Georgia Working on 2005 Season
Dave Van Halanger
Dave Van Halanger
Dawgpost.com
Posted Jan 21, 2005


ATHENS - Georgia football fans, being Southern football fans, already are looking forward to the start of the 2005 season.

But for their beloved Bulldogs, and three unheralded coaches, it has already begun.

"We started last Wednesday, and I said, 'This is the second day of the 2005 season football season,'" said Dave Van Halanger, Georgia's strength coach. "The first day was when we whipped Wisconsin. We started as champions of the Outback Bowl and we want to finish as champions of the Rose Bowl."

The Rose Bowl is where the 2005 national championship will be decided. It seems a long way away, but Georgia's strength coaches already have it in sight every day. Van Halanger hands out a different T-shirt for the team's offseason workouts every year. This year's reads: SEC Champions, National Champions, Family.

"That says a lot," Van Halanger said. "We have to shape our family down here, with leaders, with guys that will plug the gaps, with guys who will do the work it takes."

Van Halanger, already a Hall of Famer in his profession, has two full-time assistants, Keith Gray and Clay Walker. Both Gray and Walker were hired as part of Jim Donnan's staff and then retained by Van Halanger.

Gray is a former Virginia Tech linebacker who was a member of the school's most elite strength club - Super Iron Hokie. A four-year player, he never started, but he shaped himself into a contributor in the weight room, he said.

"I got on the field as a player and made the travel squad and all that because of the work I did in the strength program," he said. "I wasn't the best football player, but I worked my butt off, learned my football stuff and was somebody the coaches could depend on. I thought, since that's where I came from, that's where I'd like to be able to help others."

Gray worked as a graduate assistant at Southern Illinois and then as a graduate assistant at Auburn before joining Georgia's staff in 1999. He was promoted to assistant head strength coach in 2003.

Walker, an Abbeville native, was a three-year letterman at Wilcox County High School in football and baseball. He came to Athens to play football in 1999 but a car accident resulted in a cracked vertebrae and the end of his football career.

"I never had thought about coaching," he said. "It never had crossed my mind, but I don't think I could have made a better choice for my life, I really don't. I've learned a lot. I love my work."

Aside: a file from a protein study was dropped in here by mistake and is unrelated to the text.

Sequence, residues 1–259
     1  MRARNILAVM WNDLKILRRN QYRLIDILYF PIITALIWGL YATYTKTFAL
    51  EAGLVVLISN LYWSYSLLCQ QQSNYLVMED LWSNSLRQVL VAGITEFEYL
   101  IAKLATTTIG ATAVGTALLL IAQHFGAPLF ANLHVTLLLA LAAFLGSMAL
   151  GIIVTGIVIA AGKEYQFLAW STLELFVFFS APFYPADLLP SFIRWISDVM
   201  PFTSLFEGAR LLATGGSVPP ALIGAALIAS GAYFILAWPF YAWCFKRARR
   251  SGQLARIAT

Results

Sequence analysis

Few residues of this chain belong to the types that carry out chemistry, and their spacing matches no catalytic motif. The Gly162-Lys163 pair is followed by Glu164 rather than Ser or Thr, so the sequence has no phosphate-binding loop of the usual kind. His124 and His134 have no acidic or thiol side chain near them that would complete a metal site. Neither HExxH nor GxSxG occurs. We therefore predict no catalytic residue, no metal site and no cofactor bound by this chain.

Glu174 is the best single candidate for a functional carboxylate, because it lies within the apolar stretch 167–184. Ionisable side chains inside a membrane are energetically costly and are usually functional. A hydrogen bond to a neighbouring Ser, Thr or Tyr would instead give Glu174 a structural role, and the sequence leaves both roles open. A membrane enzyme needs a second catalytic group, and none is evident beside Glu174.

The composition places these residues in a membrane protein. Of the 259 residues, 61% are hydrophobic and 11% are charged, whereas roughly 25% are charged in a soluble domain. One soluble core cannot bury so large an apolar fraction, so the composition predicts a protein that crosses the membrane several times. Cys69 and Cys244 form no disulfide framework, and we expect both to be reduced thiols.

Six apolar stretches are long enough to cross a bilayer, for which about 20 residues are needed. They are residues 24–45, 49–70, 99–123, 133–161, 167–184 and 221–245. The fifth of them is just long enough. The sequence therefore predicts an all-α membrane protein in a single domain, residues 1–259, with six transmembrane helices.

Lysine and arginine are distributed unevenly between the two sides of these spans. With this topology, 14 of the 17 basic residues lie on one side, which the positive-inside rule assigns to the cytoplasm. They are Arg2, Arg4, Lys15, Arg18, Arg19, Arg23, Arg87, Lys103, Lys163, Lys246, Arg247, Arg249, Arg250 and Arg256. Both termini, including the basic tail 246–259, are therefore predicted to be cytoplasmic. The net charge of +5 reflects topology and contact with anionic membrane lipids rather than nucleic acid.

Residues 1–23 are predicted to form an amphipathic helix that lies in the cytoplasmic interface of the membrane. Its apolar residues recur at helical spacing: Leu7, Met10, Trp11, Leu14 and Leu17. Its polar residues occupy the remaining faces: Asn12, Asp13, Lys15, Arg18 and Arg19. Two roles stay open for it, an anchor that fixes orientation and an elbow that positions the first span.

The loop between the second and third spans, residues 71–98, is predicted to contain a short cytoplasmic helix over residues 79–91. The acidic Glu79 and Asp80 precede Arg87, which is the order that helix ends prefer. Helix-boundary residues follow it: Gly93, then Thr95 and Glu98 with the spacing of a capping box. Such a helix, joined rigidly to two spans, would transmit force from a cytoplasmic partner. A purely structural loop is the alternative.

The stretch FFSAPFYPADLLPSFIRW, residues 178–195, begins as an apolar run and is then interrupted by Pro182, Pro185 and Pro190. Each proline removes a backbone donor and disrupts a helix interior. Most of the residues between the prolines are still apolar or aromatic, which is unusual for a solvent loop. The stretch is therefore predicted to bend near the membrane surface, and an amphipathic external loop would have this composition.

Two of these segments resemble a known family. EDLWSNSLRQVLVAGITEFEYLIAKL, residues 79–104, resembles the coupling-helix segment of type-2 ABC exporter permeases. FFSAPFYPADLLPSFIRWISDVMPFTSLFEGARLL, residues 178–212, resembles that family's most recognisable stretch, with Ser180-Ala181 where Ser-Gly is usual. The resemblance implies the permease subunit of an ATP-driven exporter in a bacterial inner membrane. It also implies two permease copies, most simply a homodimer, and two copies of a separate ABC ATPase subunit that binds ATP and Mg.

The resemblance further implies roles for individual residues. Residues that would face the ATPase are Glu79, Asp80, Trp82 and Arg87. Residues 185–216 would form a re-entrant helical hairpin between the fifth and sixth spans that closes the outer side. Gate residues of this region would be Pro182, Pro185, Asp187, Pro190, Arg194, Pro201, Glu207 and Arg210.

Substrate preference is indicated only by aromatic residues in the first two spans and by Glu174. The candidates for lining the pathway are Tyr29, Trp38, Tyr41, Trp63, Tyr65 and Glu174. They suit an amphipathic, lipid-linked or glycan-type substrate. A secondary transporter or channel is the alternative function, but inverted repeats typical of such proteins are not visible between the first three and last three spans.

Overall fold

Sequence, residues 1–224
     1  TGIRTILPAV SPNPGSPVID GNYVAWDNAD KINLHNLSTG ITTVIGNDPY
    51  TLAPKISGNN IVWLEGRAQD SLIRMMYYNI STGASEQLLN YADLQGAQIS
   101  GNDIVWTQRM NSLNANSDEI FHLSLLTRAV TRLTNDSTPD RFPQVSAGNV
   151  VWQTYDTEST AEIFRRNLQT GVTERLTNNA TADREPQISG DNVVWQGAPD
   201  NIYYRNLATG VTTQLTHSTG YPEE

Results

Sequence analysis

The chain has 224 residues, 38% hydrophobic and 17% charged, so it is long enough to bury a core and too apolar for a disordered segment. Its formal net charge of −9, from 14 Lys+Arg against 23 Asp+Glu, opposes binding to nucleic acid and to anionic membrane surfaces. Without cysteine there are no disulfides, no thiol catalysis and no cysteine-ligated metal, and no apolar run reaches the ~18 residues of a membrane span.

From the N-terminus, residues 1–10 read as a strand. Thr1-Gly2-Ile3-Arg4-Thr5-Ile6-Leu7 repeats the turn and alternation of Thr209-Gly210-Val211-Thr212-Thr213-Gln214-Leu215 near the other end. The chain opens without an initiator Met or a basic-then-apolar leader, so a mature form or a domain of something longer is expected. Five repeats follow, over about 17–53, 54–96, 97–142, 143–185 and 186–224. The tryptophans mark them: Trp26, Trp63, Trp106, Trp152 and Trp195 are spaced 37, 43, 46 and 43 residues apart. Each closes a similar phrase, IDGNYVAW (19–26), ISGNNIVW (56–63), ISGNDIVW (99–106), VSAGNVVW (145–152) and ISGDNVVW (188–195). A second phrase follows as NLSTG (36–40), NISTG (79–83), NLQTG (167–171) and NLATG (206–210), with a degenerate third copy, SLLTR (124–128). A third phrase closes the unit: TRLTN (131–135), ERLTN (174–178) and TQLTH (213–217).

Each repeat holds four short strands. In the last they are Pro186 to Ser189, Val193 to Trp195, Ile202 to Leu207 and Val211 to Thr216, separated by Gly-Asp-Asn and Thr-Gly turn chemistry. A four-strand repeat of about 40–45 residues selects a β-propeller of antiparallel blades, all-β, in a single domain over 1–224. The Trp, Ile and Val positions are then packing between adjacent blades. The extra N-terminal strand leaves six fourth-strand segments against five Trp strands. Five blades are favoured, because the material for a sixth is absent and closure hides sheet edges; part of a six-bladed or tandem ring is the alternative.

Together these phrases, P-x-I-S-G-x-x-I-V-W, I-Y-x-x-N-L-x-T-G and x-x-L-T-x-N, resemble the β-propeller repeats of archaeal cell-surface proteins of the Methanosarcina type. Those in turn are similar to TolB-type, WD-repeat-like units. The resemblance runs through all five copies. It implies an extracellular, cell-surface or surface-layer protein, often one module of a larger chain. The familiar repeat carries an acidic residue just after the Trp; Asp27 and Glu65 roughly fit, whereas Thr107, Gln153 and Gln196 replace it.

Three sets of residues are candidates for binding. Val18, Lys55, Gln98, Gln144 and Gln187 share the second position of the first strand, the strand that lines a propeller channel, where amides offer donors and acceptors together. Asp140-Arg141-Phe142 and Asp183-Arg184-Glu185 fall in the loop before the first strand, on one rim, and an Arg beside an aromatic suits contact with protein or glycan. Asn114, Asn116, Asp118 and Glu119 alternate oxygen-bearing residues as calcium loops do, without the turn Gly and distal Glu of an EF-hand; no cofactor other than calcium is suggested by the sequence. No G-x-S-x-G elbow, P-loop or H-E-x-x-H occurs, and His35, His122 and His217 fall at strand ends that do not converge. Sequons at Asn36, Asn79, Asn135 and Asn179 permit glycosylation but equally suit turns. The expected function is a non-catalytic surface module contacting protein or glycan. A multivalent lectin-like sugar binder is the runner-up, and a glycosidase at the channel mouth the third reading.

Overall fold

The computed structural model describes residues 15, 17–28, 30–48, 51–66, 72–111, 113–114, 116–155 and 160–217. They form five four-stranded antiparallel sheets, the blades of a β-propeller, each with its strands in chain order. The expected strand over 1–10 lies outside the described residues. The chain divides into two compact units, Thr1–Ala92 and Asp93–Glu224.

After his injury, Walker worked as a student assistant as a position coach and a strength coach. After turning down a spot as a graduate assistant at Wake Forest, he was hired part-time by Van Halanger in 2001. He was promoted to a full-time position in 2003.

Georgia's three strength coaches spend about twice the time with the players as head coach Mark Richt and the rest of the Bulldogs' on-field assistants. The NCAA limits the time on-field coaches can spend with the players, particularly in the offseason, but the strength coaches will be with the players two hours a day, four days a week for the next seven months, Gray estimated.

That doesn't include the time Gray and Walker spend working with former Bulldogs who are in the NFL, players who need to meet specific weight goals or supervising the team's year-round 5:45 a.m. discipline running.

"I think trust is built the more time you spend together, it's like your own children, the more time you spend in an enriching environment, the more trust is built," Van Halanger said. "There's a lot of trust down there."

Georgia has two more weeks of lifting and running before it gets to its famed mat drills. That will take up the month that leads into spring practice. After spring ball, it's back to the weight room for summer conditioning.

"So much of what we do isn't just how much they can lift," Gray said. "If a guy can bench press 450 or 460 pounds it really doesn't matter. Ten pounds one way or the other isn't a huge deal. We're not in here to make them weight lifters. We could get all of them to squat 600 pounds and bench 400 pounds, but it doesn't mean that they're going to be football players.

"What we try to do is let them use this part of our program to get them better physically conditioned and mentally conditioned so that when they go to practice, they can practice their skills as a football player better and longer."

They'll do that in relative anonymity for the next right up until Sept. 3, when everybody else's season begins with a game against Boise State in Sanford Stadium.

"I don't care how good the position coach is, if we don't do what we're supposed to do, they're not going to perform on Saturdays," Walker said. "I honestly believe if we don't do our job, then the rest does not matter."


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